A Prototype Station for an Educational Seismic Network on the Gulf Coast My scripts are available for download by request from the GCSN website: Faculty/Juan/GCESN/index.html

in order to reduce the effects of attenuation and geometric divergence. For example schools should be targeted that lie coastal towns such as Cocodrie, (LA), Grand Isle (LA), and Galveston TX) may provide better site locations in future. Because of the risk of equipment damage by seasonal hurricanes a borehole seismograph is a useful method of deployment to protect the instrumentation. Future versions of the seismic tool should incorporate a firmware upgrade, if cheaper options for a minimal timing accuracy of about +/- 10 ms are not available.

Figure 4: All data and scripts developed for the above networkare available from A modular, heterogeneous network outlined above has several advantages because it allows use of inexpensive, legacy, hardware, facilitates interchange of hardware for maintenance and minimizes illegal entry by into the system via the internet.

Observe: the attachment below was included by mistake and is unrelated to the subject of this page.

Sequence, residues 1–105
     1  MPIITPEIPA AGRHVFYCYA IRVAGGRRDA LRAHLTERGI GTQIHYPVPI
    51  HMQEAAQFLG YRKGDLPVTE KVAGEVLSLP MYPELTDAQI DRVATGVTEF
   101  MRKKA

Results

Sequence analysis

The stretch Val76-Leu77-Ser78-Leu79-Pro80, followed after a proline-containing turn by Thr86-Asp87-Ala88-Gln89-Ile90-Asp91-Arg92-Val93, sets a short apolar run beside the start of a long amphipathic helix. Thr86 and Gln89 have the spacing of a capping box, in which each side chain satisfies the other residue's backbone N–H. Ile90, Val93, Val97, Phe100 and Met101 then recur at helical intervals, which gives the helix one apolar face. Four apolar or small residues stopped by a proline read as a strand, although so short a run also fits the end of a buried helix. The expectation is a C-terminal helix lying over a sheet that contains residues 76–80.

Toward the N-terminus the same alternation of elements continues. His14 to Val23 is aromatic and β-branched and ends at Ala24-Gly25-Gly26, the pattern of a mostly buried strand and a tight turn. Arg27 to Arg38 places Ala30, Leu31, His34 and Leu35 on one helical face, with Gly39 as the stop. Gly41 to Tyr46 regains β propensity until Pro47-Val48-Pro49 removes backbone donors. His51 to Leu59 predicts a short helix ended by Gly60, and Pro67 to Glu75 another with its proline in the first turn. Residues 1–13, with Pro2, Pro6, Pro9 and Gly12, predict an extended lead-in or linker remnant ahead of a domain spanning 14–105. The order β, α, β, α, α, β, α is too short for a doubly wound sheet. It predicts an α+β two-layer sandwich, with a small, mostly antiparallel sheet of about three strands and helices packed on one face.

Offshore commercial seismic events As a test of the equipment and to gain a better understanding of the attenuation characteristics of the Lower Mississippi Valley sediments, I tried to locate seismic arrivals from known commercial seismic cruises in the Gulf of Mexico. WesternGECO informed me of commercial seismic experiments at least 400 km south of the borehole geophone in Baton Rouge, LA. For these distances between source and the borehole geophone, I have not been able to isolate corresponding seismic arrivals from the data (Figure 5). The airgun source used during the seismic experiment does not put out much signal below 6Hz and shots occur approximately every 15 s (pers. com. WesternGECO).

Conclusions I conclude that in the next phase of network installation stations should be located as close as possible to the coast